You're sitting in your office trying to catch up on paperwork when your colleague bursts in with fire in her eyes. Before you even fully acknowledge her presence, she's off on a tirade, spilling words so fast that you can't understand what she's saying. But it is clear that your colleague demands a response to a problem that's upsetting her--even though you're not quite sure what the problem is.
Your colleague is obviously being irrational, but you suspect won't help matters to tell her so. And you're beginning to feel a little irrational, too, since her behavior is making you madder by the moment.
How can you productively manage this encounter without losing your cool? What should you do right now to stop this bad situation from getting worse?
Before I share some action steps, let's freeze the scene for a moment and analyze the situation, with the help of Susan Gilell-Stuy, a corporate executive consultant. For more than a decade, Gilell-Stuy has coached Fortune 500 leaders across industries. She's also a sought-after speaker on a variety of leadership issues, including managing difficult people.
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Gilell-Stuy wants us to understand that when a colleague becomes irrational, he is not operating from a position of strength--he usually feels anxious and out of control. "Giving in to the pressure and responding in a defensive way will only serve to allow the other person to drag you down into his pit of bad emotions," she explains. "That's why you need to do everything in your power to keep your upper brain engaged (where reason prevails) and avoid being drawn into responding emotionally from the middle part of your brain (where you're governed by the flight-or-flight response)."
Here are 5 strategies for productively dealing with an irrational colleague:
- Identify what's happening here. It's valuable to step back mentally and diagnose what's going on. Say to yourself, "This person is acting irrationally. This is a bad situation. I need to manage this."
- Calm down. Gilell-Stuy's advice: "Pausing allows you to quiet the part of your brain called the amygdala, which gives you the chance to regain the high ground and respond from a place of logic." To do so, you can use the time-honored method of counting to 10. Or you can request that you and your colleague take a 15-minute timeout before resuming your conversation. Or you can imagine what it would feel like to let loose and scream, privately enjoying that mental picture before coming back to your calm, reasonable self.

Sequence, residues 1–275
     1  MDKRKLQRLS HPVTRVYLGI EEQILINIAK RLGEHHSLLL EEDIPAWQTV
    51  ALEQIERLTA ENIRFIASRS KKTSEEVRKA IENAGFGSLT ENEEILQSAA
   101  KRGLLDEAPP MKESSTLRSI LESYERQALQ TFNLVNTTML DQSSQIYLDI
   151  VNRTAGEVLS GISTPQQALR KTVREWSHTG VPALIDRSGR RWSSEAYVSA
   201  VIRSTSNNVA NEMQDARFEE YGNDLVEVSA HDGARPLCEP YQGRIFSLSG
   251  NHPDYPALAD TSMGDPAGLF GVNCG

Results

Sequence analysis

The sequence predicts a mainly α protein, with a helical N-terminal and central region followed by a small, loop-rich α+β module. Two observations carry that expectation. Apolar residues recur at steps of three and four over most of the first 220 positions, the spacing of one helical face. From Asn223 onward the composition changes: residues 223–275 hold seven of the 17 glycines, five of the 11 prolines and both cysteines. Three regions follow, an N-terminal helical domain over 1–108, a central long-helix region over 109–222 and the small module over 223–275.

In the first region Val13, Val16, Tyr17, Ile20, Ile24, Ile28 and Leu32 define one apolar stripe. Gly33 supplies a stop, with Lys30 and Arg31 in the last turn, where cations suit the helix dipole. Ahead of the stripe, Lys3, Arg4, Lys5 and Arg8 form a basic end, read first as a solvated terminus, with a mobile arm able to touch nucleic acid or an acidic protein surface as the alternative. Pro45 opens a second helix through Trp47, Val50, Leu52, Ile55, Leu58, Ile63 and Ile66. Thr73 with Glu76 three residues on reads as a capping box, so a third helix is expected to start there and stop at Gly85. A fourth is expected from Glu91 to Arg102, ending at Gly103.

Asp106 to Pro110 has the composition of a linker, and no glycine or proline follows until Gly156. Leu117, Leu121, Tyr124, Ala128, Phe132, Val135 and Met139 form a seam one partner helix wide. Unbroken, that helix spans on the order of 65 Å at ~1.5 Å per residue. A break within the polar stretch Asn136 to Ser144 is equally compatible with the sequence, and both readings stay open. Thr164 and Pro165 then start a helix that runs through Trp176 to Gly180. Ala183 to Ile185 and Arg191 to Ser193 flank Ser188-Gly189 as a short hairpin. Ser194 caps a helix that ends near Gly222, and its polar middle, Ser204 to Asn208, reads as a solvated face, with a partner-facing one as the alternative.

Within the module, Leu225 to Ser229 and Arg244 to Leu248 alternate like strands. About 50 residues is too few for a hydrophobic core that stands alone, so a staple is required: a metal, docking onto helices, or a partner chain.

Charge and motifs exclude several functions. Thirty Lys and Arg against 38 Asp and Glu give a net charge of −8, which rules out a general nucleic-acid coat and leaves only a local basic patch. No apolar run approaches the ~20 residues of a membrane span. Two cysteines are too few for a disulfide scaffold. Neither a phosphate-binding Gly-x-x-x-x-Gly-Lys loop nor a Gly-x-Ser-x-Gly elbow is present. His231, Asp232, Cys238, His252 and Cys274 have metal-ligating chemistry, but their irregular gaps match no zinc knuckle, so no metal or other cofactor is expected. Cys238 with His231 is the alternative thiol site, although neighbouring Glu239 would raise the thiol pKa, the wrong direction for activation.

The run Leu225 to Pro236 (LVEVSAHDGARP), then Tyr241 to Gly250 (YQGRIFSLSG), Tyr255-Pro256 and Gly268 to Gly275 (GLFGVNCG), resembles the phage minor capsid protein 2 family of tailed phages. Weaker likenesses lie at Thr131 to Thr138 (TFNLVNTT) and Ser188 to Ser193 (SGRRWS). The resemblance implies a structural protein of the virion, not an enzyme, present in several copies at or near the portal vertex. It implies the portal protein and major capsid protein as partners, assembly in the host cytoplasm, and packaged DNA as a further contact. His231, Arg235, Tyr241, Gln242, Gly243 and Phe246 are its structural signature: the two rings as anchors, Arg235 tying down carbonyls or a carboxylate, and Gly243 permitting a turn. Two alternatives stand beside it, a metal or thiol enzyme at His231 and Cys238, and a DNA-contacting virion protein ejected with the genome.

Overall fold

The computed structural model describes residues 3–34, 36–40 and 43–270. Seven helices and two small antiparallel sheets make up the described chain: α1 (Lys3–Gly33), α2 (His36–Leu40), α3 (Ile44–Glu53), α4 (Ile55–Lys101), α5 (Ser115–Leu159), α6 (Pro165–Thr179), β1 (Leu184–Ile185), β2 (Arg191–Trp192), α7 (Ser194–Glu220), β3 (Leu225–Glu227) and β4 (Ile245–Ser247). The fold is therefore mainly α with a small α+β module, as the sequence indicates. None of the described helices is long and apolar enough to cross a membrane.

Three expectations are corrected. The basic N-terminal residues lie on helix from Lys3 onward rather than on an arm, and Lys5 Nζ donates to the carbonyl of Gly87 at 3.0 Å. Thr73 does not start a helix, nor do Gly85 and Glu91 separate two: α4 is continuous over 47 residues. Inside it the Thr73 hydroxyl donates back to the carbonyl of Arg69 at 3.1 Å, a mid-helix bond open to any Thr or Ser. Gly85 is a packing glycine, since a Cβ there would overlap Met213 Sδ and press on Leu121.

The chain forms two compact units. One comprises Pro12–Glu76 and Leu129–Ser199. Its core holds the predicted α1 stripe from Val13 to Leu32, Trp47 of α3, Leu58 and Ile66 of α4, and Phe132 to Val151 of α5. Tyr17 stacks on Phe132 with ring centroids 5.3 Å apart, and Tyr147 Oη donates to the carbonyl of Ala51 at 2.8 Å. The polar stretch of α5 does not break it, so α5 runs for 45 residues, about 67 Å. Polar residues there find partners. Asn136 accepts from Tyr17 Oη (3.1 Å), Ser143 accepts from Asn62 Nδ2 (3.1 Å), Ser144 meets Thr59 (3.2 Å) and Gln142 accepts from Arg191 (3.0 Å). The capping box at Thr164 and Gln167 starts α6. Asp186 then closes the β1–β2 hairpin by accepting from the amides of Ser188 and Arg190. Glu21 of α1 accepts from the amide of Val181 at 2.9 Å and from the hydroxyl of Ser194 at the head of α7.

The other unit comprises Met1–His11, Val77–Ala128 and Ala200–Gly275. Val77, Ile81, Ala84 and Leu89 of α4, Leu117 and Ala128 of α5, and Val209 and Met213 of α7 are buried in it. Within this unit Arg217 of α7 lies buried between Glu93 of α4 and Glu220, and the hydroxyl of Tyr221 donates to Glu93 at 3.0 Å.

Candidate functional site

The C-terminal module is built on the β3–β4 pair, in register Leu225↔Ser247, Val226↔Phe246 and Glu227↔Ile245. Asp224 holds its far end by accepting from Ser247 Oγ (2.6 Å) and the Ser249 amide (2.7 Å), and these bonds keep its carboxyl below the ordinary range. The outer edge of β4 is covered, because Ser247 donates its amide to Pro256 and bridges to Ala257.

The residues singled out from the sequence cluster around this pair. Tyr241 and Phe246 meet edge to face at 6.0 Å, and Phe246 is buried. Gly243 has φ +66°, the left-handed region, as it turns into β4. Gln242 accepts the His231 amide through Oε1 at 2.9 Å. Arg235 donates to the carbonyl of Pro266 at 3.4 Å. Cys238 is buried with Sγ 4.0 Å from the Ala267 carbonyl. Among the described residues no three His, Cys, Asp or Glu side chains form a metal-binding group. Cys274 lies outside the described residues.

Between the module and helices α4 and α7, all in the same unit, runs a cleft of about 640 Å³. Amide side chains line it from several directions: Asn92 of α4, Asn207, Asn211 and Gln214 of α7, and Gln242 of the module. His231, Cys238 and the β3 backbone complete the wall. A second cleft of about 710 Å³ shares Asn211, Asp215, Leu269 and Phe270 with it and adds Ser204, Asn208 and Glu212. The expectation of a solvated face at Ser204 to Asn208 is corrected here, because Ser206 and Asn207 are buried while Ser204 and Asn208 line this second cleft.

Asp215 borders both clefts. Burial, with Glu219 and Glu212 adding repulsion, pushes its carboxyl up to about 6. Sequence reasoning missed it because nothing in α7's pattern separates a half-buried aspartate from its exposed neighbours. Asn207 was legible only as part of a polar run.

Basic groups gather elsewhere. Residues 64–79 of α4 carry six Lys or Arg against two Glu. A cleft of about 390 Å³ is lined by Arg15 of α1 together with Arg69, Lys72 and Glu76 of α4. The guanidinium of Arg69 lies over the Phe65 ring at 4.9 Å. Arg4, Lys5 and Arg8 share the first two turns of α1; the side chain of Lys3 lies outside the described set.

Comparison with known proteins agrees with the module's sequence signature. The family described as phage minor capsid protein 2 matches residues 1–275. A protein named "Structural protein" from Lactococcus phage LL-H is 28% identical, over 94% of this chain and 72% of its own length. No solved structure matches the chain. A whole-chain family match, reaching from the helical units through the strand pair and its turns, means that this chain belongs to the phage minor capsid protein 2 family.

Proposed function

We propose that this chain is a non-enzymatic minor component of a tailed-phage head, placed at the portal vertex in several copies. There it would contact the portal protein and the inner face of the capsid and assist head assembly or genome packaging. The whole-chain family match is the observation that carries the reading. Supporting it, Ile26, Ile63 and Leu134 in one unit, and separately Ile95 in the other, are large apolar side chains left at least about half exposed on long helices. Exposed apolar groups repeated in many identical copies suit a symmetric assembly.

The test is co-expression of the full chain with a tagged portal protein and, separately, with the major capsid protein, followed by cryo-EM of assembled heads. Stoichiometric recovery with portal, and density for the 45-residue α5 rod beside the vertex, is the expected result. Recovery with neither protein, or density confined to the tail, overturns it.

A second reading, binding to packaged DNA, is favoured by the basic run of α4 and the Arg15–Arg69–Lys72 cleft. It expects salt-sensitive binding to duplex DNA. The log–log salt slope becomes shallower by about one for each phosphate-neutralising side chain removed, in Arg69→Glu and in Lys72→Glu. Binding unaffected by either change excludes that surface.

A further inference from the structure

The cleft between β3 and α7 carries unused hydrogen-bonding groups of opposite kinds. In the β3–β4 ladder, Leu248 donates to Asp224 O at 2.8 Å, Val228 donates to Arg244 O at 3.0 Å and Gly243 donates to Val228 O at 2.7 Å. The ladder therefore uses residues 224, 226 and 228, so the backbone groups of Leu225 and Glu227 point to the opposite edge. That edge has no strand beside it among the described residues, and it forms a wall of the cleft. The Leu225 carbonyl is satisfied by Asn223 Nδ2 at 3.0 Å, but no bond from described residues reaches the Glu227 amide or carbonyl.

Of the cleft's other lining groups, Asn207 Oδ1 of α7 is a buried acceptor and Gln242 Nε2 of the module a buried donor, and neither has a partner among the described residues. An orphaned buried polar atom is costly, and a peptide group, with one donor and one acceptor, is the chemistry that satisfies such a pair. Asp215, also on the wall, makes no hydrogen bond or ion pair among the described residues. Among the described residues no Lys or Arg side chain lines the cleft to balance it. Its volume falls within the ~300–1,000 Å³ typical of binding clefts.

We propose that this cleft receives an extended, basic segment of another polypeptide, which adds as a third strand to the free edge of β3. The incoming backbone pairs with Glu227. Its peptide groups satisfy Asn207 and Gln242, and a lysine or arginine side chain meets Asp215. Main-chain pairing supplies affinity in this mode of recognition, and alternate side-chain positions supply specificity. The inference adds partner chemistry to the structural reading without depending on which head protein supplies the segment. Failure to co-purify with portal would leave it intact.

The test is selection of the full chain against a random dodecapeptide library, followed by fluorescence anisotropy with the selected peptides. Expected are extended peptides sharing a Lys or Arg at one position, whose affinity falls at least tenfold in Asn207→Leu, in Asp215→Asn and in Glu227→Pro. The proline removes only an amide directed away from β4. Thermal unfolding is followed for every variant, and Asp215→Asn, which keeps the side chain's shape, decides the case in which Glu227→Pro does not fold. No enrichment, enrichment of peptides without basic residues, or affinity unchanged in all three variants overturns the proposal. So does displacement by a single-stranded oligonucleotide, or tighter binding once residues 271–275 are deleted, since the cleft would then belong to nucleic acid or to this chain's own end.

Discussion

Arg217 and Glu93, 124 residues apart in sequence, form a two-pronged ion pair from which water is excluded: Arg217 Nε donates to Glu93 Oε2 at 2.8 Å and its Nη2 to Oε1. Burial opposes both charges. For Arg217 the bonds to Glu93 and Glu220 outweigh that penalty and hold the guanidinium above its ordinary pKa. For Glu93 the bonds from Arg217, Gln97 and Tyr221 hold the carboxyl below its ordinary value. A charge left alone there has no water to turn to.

- Move closer. When you feel attacked, every fiber of your being wants to punch out or run away--that's why the response is called "fight or flight. But the best way to help your irrational colleague is to lean in and have her start to feel like you're on her side. So suggest that you sit down together and talk about what's going on. Say, "What is this really about? Let's talk about root causes. What problem do we need to solve? How can we work together to address this?"
- Step away if that's the only option. Gilell-Stuy reminds us that, just because the irrational person is acting out, it doesn't mean that he is the only one who counts. You have to make sure you're getting your needs met, too. If the situation feels really bad, you can say, "We need to stop now. Let's agree to take a break and figure out what a mutually acceptable next step would be." Also remember that you never have to engage with someone who becomes verbally or physically abusive.
- Work out a plan for moving forward together. Irrational people often dwell on past events and want to rehash them over and over and over again. You need to direct the conversation to leave the past behind and plan a path forward. Says Gilell-Stuy, "Your objective should be to come to an agreement about what will change--but also how each of you will act going forward."
The best outcome, she explains, is not only to solve today's problem, but also to commit to how to resolve issues in the future without anyone (especially your colleague) losing control. "Use this bad moment as an opportunity to set ground rules for how you and your coworker will operate going forward," suggests Gilell-Stuy. "And be clear about what will happen when those ground rules are broken."